Peafowl Plasmonics sheds light on the future of solar technology

Peafowl Plasmonics, offering groundbreaking sustainable energy solutions with their completely transparent solar cells, was recently named one of Sweden’s best startups for a second time by the technology magazine Ny Teknik. We talked to Jacinto Sá, Professor in Physical Chemistry at Uppsala University and Chief Science & Innovation Officer, as well as Co-Founder of Peafowl Plasmonics, on their solar cell technology and the future of climate innovation and renewable energy.

What makes Peafowl Plasmonics’ solar energy technology unique? 

The Peafowl cell is an ultra-transparent, light-harvesting cell and the first direct plasmonic solar cell. Our proprietary technology can absorb up to ten times more light than any other known material, using plasmonic nanoparticles as the active photovoltaic material. The downside is that the window to extract an electrical charge is small, so a few years ago, we began looking into strategies to extract the charge as quickly and efficiently as possible. We sent our results out for review, and the researcher thought we had forgotten to send him the material because it looked like a piece of glass.

The product’s transparency mesmerized people, so we started looking for devices and applications that might benefit from this level of transparency. This aspect is unique, but it also means that the material cannot produce a lot of power. Instead, our technology can be used for power generation, to help power anything you want to see through but not impact the aesthetics of, such as an e-paper. 

What are the key sustainable benefits of using your technology? Where do you envision yourselves making the most impact?

Our solar cell technology can be applied to anything with an e-paper display. For example, a sign, smartwatch, or Kindle, in order to provide a constant recharge, increase functionality, and prolong the usage of the devices while avoiding the annoyance of having to charge too often. 

Our proprietary technology can absorb up to ten times more light than any other known material, using plasmonic nanoparticles as the active photovoltaic material.

Another example is the Internet of Things. The current belief is that, at some point, we will have one trillion devices connected to the Internet of Things with sensors that monitor and control everything in society. At present, a coin battery generally powers these devices, and anything you multiply by one trillion is an enormous amount! But if you want good data, you have to measure often, which drains the battery fast, meaning that you have to replace it. The estimation is that 273 million batteries would need to be replaced daily. The Peafowl technology could reduce the number of single-use batteries tremendously. Our technology can also be utilized for indoor sensors that help measure and optimize the energy consumption of buildings, which can result in up to 50% energy savings.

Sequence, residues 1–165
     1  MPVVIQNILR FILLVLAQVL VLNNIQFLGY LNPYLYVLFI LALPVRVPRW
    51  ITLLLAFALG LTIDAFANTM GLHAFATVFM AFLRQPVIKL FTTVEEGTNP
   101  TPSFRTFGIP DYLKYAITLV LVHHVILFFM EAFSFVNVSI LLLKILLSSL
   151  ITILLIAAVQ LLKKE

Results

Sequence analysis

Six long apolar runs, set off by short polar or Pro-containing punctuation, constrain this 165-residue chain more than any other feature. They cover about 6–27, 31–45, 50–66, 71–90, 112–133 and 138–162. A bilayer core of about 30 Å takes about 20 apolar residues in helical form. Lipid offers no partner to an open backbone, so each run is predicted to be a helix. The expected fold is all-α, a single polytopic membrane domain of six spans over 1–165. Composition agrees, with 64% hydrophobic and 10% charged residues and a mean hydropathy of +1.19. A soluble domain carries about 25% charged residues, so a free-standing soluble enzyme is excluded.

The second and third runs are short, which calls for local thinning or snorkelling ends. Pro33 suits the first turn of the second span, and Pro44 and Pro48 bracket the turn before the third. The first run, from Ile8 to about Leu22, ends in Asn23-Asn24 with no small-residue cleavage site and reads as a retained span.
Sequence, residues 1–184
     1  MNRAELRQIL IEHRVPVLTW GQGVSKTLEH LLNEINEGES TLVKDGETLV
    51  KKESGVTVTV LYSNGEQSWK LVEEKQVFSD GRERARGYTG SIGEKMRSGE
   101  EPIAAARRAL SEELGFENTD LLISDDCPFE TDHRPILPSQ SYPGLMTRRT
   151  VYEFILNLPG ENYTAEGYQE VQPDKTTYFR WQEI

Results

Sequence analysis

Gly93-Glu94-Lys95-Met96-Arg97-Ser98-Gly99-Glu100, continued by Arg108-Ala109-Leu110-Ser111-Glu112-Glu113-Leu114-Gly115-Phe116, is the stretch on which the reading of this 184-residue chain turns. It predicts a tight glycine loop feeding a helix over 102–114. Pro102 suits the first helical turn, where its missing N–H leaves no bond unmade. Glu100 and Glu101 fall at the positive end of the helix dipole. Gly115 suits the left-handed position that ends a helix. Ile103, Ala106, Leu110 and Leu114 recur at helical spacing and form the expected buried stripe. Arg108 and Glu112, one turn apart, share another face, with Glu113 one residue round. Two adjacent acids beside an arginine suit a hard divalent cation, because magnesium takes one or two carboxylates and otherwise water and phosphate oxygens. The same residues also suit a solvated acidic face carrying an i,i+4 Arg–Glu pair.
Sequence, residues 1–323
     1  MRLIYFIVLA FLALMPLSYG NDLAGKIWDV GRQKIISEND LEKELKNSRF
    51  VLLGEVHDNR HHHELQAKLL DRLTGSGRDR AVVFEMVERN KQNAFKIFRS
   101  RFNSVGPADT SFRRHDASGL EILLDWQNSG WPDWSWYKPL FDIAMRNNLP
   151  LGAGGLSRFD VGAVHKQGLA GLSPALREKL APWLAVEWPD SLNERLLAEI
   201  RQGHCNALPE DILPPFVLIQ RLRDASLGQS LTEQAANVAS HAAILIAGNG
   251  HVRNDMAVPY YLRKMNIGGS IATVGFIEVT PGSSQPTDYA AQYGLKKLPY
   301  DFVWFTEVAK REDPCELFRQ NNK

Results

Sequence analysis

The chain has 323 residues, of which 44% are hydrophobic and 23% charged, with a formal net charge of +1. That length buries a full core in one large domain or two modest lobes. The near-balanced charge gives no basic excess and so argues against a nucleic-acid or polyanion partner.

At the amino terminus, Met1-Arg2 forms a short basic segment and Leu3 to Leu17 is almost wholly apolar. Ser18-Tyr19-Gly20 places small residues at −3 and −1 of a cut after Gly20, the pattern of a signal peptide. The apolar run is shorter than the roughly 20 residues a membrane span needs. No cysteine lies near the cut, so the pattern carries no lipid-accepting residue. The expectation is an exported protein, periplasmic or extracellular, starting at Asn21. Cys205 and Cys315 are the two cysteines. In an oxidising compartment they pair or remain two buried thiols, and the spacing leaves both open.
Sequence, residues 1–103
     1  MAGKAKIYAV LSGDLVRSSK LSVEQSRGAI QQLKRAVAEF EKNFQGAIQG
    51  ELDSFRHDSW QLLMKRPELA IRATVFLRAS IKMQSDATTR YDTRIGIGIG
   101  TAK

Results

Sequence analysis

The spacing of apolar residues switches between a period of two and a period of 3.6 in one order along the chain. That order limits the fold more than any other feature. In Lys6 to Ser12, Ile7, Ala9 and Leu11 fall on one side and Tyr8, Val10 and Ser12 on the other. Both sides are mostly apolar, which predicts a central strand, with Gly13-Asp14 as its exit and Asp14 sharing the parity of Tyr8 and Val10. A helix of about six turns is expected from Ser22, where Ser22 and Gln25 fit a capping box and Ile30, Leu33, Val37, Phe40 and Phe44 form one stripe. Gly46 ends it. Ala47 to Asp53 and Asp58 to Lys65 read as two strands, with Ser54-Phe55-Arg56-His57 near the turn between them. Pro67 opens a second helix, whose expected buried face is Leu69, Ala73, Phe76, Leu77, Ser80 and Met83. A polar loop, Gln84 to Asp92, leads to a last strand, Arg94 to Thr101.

Can you share some thoughts on the future of climate innovation and renewable energy?

Energy is power, and whoever controls the energy we use holds the power. We cannot keep looking for a silver bullet to solve all our problems. In fact, oil was a silver bullet, so efficient that no other types of energy could compete, and look where we are today, struggling with our dependency on the oil industry. Going forward, we need multiple parallel solutions for our increasing need for energy so that one energy source does not control or dominate the energy supply. 

We can also make a big impact in managing and optimizing the energy we already have, which is a more direct and instant solution. We all need to take more responsibility for solving the climate crisis and reducing our energy consumption. We’ve solved major crises before, and we can do it again. There’s still time, and we’ve come far in just the past ten years with technological innovations, but at some point, technology won’t be able to solve our problems. However, I believe you can rally more people to make a change by giving them hope instead of despair when talking about our responsibilities and possible solutions. Martin Luther King didn’t inspire a social revolution by saying I have a nightmare; he said, I have a dream.

Is there anything new on the horizon you’d like to share?

We do not envision ourselves mass-producing solar power. Instead, we’re developing a recipe for companies to produce the Peafowl cell since we expect most companies implementing this technology to be large and would have problems relying on a small startup. We’re currently building a demo factory to demonstrate how to produce the Peafowl Plasmonics solar cells.